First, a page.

In the early '60s a woman in Riverside, California, by the name of Ann Baker created the ragdoll. In all the years of the Cat Fancy there has never been a Breed more shrouded in controversial mystery than the ragdoll.
For nearly 40 years rumors abounded that the ragdoll was the product of the breeding of several already established breeds. However, more recent Intensive investigations and pedigree examinations have confirmed that the ragdolls beginnings were somewhat different. The following is taken from the book The Definitive Guide to ragdolls by Lorna Wallace, Robin Pickering and David Pollard, published by Ragdoll World UK.
At the time Ann had been borrowing one of Josephine's older sons to sire progeny in her Black Persian breeding program. This son had the appearance of a Black/Brown Persian and she named him Blackie, and it was one of her visits to borrow him that she saw Blackie's brother. He appeared most impressive and in Ann's words had the appearance of a “Sacred Cat of Burma”. Having already established the owner's trust, she was also permitted to borrow this cat to mate with her own females. She was most taken with this son of Josephine and named him Raggedy Ann Daddy Warbucks. What Ann clearly states is that Blackie and Daddy Warbucks are both sons of Josephine, but with different sires who were unknown and undocumented. In the IRCA booklet it would appear to indicate that Blackie's father was a black cat from the East, that appeared more Persian than Burmese. During detailed questioning, Ann confirmed that no-one had ever seen the father of Daddy Warbucks, and he was the only kitten in that particular litter of Josephine’s. This being so, makes it difficult to take the origins of the breed further.
The ragdoll was first recognized as a pure breed in 1965 by NCFA (now defunct). Following that achievement Ann did nothing to further the ragdoll in the fancy.
Fortunately, a new breeder husband and wife team, Denny and Laura Dayton, bought a pair from Ann and realized the breed had to be shown and accepted by the various associations in the Cat Fancy along with other breeders who had also purchased breeding pairs from Ann. With the Dayton's spearheading the effort, ragdolls began a very long and arduous journey into the show halls of America and would soon thereafter find their way to Europe where England was waiting with open arms to welcome this wonderful breed, ragdolls are accepted today in all associations for registration; however, some Associations still do not allow ragdolls in certain patterns to compete in their shows.
In Denny’s words:
November 1969 was our first introduction to the ragdolls. And from that time on, we were destined to become breeders of these magnificent felines. A pair was acquired from Ann Baker and the male was named Buddy (Bud) and the female was Rosie (Rose). We appropriately penned the cattery name Blossom-Time, carrying various names of flowers, herbs or living plants for all subsequent breeders. It served us well.
The breed has had many “ups and downs” in pursuit of being accepted in the various associations. The learning curve as novice breeders seemed almost insurmountable to gain any recognition however, with perseverance and the growing number of breeders, slowly but surely, attitudes about the ragdolls did change. The biggest obstacle was the bias from different associations regarding some of the claims by Baker, who did not believe in the show circuits. There were questions to be answered about the origination of the breed, which was difficult to trace, as Baker kept everything in her head.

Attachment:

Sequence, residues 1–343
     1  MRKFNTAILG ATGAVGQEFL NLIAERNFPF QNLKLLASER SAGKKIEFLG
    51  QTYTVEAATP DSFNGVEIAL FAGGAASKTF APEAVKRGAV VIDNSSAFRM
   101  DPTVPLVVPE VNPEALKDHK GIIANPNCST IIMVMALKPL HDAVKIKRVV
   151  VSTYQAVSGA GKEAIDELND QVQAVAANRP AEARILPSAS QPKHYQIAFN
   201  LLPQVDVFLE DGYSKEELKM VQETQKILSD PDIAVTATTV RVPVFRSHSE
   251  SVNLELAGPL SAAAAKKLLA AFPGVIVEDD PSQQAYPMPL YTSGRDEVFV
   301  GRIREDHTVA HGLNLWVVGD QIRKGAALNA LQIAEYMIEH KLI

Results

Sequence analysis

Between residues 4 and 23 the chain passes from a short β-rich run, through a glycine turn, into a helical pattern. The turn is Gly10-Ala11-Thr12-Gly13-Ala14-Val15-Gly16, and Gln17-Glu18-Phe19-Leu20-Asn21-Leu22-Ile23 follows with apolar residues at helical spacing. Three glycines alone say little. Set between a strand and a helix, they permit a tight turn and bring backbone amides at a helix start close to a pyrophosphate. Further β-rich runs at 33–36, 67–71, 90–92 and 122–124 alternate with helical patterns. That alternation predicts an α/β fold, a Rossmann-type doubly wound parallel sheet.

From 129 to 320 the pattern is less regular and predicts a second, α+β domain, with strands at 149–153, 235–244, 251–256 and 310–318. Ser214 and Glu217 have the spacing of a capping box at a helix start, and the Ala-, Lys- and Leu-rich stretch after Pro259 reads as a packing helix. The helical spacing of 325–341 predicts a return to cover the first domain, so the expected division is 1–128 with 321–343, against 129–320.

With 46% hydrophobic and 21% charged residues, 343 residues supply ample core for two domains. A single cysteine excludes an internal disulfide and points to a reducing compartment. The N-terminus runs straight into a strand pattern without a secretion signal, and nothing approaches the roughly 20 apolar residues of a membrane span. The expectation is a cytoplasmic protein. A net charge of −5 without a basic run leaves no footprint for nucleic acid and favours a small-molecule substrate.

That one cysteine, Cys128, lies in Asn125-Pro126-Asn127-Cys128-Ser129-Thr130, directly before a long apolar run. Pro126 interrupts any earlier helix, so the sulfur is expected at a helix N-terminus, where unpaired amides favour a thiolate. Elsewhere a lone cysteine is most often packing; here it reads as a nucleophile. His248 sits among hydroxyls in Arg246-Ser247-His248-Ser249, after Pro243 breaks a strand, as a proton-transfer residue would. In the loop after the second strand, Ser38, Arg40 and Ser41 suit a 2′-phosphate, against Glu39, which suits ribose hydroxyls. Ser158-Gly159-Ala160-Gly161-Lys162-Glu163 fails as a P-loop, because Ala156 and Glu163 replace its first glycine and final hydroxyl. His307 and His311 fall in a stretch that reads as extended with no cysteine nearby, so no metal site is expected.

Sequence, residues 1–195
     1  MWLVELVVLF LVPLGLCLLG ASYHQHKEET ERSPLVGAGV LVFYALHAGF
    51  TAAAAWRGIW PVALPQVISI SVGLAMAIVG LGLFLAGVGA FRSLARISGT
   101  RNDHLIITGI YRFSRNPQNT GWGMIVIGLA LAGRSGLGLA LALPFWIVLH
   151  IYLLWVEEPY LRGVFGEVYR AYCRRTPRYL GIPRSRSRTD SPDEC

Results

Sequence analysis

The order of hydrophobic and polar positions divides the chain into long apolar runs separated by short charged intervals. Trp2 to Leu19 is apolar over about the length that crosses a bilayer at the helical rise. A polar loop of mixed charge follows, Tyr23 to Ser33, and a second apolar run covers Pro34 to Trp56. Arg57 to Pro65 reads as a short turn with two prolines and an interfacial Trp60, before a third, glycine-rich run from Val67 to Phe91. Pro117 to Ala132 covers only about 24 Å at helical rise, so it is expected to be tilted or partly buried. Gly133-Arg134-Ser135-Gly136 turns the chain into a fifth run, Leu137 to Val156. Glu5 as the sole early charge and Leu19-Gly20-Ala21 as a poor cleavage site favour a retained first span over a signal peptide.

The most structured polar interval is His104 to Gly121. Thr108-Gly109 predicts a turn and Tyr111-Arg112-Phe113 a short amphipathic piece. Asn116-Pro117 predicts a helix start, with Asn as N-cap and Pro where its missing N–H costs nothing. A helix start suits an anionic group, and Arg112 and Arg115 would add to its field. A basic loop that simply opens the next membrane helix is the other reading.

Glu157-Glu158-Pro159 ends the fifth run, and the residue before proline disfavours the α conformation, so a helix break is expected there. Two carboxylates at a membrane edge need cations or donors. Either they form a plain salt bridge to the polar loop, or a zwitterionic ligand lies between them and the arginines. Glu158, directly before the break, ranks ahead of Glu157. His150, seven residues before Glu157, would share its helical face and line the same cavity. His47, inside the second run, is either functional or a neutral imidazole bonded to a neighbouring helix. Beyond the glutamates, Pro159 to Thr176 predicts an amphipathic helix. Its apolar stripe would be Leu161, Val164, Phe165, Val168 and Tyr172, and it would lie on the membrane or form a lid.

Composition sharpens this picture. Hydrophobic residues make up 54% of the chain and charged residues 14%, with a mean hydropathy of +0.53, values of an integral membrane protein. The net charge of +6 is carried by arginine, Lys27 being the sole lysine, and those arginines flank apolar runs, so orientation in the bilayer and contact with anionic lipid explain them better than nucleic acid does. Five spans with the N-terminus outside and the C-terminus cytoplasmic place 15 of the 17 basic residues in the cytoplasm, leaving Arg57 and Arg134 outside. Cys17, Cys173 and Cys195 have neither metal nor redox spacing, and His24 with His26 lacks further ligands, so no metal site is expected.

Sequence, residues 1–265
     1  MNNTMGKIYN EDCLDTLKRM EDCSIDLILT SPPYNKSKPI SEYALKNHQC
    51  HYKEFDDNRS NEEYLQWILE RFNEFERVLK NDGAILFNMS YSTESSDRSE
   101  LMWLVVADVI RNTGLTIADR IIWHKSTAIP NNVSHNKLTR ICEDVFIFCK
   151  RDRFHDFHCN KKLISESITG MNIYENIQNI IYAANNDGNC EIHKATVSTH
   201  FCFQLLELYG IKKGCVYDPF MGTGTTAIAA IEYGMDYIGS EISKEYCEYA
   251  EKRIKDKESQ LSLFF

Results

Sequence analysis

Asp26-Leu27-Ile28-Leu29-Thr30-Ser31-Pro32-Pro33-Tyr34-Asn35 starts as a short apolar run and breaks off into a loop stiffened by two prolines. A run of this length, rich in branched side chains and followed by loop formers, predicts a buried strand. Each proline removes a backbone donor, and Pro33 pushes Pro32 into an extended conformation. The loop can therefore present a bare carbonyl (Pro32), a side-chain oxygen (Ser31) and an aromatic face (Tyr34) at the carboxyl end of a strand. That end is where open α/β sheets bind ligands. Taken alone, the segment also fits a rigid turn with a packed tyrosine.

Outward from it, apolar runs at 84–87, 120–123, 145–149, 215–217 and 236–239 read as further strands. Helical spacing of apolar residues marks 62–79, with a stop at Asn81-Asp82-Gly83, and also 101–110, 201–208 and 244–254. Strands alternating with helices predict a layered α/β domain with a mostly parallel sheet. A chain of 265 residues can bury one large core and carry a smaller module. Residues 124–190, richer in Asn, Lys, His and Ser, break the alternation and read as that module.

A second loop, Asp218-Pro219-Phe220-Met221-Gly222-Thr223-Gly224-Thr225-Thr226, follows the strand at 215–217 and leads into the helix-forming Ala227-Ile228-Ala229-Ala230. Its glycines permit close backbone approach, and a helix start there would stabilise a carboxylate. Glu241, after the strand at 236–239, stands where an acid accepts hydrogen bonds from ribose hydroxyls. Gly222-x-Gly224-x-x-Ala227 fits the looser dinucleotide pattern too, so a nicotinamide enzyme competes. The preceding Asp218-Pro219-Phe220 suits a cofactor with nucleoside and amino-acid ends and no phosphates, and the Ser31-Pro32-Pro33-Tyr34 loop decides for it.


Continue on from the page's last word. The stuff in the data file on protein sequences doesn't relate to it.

The obvious first step was to document whatever was furnished to a genetic chart. The “handmade” chart we created started to grow and grow as new breeders surfaced. As it became almost unmanageable, Charlie Meyers consented to bring it all up to date on the computer. As a result, his authoritative manual is detailed to the extent that it has the distinction of being able to trace any legitimate ragdoll back to the founding stock, which is available worldwide.
We felt that the ragdoll owners, however few there were at the time, needed to band together. As a result of a CFF show in Ohio, 1975, ten pet owners, Blanche Herman, a breeder and me participated. The final outcome was we were granted championship status in all patterns, the first active association to do so. With this great excitement, generated by CFF, we immediately founded the Ragdoll Club in Ohio in 1975.
The beauty of the ragdolls started to roll and “snowballed” in some cases, as there was a high demand for kittens. Even with this success, there were times of financial stress due to litigation with Baker over the authenticity of the cats. Much credit goes to Bob Trubey, who was a true “Angel” watching over the development of the breed, lending support in different times of need.
Certainly, no one person has been responsible for the popularity of the breed, but homage must be paid to all that has spent so much time and money, bonding together to help within the confines of the Ragdoll Club, to be in a high esteem in the Cat Fancy today.
Laura and I felt that it was time for others to carry on. We hope that with our limited knowledge of the breed, others will keep breeding to the high standards of the breed. Consequently, the bulk of our breed stock was sold in England. Thus, the first ragdolls were introduced in the United Kingdom.
With humble thanks to the Dayton's and many other breeders who have diligently perused and continue to strive for acceptance of the ragdoll. To all who will continue to preserve excellence, to the new breeders who follow in the footsteps of those who believed so passionately in the ragdoll and who paved the way, we dedicate this web site.